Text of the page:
To learn about the Maasai culture is one thing… but why not be a part of it! This is your chance to learn from the experience of being and doing. You can see the Maasai way of life up close and participate in the many activities that are typical of their daily life.
During this Maasai Village Homestay, you will be welcomed to stay within their village, learn about their culture, and participate in their daily tasks. Tasks are always divided, with men usually taking care of and/or selling the tribe’s cattle, while women will take part in milking, cooking, finding firewood and taking care of babies and even constructing the houses in the boma. You will find that there will be plenty of opportunities to explore Maasai culture more, in the way of interaction, and communication, as well as, exchanges of ideas and experiences. You will even have a chance to learn beadwork with the women in the village or how to make Maasai sandals from the men or to teach the village children some basic English and/or teach/play sports with them
The Maasai are a proud people, who do their best to preserve their unique culture, and yes, different tribes in Africa can have very distinct characteristics and customs! They are quite possibly one of the most emblematic tribes of East Africa. With a Nilotic ethnic background, they live in the northern Tanzanian and southern Kenya regions. The Maasai are known for their nomadic lifestyle (although, since the ’90s, the Tanzanian government passed a bill in which they were forced to settle in a single place), their colorful dress code, their beaded jewelry, and awe-inspiring traditions.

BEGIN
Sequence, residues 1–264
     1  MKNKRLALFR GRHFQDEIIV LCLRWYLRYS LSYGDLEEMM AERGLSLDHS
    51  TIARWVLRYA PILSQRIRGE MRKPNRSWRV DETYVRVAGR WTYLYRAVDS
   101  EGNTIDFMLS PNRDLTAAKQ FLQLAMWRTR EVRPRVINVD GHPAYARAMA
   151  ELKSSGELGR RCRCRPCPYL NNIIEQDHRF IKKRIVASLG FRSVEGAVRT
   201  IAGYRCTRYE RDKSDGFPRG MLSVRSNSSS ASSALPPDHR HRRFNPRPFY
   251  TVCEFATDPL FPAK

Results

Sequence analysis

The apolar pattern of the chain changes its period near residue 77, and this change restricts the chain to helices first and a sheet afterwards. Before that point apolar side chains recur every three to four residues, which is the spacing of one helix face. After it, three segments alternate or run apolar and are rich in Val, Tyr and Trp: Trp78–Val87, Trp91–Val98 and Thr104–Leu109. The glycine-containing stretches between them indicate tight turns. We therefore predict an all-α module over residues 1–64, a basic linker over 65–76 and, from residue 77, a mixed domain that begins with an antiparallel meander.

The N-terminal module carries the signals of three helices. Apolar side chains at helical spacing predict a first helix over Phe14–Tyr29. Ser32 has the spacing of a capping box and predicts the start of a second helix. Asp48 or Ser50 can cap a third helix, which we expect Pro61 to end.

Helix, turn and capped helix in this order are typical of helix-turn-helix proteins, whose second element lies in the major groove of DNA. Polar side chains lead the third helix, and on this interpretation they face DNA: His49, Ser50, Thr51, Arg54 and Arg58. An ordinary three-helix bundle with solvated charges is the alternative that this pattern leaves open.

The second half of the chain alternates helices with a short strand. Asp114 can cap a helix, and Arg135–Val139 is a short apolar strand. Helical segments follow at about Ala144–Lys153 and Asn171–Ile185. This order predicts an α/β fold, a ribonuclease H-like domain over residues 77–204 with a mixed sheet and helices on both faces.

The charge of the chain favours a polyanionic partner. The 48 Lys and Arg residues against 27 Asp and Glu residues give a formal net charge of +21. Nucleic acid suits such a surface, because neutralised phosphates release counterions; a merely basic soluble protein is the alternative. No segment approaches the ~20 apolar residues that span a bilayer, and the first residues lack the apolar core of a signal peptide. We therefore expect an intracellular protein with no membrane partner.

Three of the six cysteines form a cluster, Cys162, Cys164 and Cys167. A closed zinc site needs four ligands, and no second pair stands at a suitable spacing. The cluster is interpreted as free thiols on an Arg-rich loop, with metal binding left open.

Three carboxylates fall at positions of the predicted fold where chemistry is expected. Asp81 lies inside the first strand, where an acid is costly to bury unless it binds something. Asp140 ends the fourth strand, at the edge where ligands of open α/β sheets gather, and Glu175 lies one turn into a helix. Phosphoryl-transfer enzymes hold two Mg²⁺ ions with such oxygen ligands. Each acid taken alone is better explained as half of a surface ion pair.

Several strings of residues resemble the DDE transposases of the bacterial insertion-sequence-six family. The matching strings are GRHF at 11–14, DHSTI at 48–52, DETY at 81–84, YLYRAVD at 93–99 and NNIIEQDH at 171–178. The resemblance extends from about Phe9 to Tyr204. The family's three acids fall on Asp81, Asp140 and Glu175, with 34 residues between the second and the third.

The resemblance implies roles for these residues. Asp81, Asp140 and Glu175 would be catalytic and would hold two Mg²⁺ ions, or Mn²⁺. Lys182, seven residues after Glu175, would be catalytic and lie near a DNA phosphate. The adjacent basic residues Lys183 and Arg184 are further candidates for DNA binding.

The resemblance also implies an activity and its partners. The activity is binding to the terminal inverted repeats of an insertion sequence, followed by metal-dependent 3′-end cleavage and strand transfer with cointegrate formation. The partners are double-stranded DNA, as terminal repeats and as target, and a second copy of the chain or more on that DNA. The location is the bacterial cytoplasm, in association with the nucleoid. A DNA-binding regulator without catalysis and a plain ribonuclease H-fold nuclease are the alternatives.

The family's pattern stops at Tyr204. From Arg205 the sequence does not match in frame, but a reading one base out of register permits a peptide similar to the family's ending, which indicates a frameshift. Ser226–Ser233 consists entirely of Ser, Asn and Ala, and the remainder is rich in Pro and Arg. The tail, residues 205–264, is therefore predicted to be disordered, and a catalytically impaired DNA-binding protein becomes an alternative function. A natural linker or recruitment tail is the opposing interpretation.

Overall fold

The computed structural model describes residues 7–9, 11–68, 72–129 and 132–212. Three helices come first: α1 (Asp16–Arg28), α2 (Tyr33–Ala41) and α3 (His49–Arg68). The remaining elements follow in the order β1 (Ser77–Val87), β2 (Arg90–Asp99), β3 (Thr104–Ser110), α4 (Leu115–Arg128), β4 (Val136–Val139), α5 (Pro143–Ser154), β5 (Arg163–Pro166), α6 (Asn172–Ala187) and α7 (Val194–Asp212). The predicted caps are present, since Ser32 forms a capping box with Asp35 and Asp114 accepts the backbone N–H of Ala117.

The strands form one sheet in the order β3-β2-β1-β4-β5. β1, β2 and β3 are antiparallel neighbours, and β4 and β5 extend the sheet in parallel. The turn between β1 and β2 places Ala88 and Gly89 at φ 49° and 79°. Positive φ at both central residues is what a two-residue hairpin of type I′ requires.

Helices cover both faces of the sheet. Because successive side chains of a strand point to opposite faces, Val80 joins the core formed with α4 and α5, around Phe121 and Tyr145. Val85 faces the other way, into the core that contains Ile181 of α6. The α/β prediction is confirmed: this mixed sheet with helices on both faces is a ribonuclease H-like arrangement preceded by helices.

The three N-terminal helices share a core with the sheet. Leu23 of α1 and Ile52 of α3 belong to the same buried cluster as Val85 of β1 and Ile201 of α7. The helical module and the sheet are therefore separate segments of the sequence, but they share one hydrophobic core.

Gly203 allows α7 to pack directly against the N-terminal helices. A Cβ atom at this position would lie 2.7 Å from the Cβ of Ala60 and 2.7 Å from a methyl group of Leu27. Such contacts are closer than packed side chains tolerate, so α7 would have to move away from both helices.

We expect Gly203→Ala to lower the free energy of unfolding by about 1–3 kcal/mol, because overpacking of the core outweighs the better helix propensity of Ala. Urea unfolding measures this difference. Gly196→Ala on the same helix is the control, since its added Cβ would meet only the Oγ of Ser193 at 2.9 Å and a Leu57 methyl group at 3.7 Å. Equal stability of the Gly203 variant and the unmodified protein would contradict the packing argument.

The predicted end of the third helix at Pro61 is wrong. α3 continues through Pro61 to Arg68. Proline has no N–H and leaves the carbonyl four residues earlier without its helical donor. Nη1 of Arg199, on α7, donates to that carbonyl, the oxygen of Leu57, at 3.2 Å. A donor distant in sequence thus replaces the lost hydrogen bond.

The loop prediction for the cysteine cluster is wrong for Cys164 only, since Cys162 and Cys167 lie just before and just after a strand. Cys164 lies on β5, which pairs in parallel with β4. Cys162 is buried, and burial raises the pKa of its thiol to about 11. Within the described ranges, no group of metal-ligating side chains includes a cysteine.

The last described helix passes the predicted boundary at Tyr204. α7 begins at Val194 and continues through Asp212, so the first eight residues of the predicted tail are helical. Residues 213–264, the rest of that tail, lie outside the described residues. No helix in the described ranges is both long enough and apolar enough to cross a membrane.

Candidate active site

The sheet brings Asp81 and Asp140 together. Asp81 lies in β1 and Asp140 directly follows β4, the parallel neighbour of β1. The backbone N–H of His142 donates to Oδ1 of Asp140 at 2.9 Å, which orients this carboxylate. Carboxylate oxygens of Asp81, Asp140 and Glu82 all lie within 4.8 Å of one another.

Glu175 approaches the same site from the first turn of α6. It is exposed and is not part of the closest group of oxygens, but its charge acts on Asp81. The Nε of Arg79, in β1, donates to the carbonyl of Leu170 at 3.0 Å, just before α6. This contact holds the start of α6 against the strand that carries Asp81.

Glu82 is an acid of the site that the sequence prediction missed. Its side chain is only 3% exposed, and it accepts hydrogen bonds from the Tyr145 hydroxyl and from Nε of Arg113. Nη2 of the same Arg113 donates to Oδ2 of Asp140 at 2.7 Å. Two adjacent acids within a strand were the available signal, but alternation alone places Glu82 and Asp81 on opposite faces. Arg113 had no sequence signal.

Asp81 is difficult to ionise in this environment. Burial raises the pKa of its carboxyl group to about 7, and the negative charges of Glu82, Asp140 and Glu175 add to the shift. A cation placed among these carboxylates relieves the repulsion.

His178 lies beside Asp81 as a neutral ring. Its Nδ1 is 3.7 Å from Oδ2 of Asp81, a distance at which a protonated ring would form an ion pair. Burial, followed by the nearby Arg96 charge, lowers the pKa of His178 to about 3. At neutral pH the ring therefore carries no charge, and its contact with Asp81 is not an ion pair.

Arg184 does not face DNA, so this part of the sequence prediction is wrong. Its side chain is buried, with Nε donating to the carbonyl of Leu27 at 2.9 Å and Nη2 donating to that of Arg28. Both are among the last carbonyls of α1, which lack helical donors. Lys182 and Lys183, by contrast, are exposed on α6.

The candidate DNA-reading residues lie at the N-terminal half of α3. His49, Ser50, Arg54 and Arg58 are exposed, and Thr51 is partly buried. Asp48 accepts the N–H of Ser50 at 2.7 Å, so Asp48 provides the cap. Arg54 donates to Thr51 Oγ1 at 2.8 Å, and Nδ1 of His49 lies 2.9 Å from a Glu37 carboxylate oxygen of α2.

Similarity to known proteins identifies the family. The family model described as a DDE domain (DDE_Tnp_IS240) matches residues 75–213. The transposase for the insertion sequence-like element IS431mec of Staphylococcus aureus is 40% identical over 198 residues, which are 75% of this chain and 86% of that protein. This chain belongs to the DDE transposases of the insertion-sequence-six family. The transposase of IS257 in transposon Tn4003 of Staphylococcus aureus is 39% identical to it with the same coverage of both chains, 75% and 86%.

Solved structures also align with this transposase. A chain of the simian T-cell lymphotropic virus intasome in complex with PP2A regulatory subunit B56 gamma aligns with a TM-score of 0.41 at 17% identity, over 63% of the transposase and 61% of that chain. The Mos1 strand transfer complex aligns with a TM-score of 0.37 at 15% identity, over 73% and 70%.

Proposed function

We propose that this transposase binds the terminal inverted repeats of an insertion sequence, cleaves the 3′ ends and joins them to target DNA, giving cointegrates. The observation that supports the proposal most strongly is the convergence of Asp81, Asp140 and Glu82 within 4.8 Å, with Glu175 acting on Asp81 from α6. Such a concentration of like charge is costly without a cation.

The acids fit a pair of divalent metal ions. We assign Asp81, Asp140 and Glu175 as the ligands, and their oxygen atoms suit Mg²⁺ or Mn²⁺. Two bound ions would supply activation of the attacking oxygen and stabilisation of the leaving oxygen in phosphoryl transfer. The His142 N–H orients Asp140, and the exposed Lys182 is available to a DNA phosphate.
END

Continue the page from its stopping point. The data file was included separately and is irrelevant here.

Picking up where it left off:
The Maasai people have a very traditional way of living, with most relatives all living in the same family compound, which is traditionally known as a boma. They were nomadic people, as traditionally Maasai would move with their cattle from one grazing place to another. Today, these animals are still how they earn their income. Through the sale of their cattle and cattle products, they would make just enough money to survive and move on. Interestingly, the NGO, Oxfam, claims that the lifestyle of the Maasai should be embraced as a response to climate change because of their ability to farm in deserts and scrublands.
Maasai culture can seem very different to Westerners. For example, men can be married to several women depending on how rich the man is, this status usually dependent on how many cattle he owns! There are actually financial reasons for a Maasai family to have many wives, as a larger family allows more hands to take care of their cattle, cows, goats, sheep, and donkeys
We will start the day with an introduction to the village, as well as Maasai culture. In the morning, you will be taught useful phrases in Maasai language, that you will be able to use throughout the week. Moreover, you will get to learn about the lifestyle of the Maasai people through an introduction to their cultural rules, the dos and don’ts, etc.
After lunch, we will take a trek through the wilderness that surrounds the village. During this hike, you will be able to see Tanzania’s nature at its best. Visit a local caldera and enjoy the view.
The Maasai are a tribe well known for their herding traditions. Today, it will be all about grazing the livestock! You will join a Maasai warrior on his grazing activities through the bush - be prepared for several hours of walking!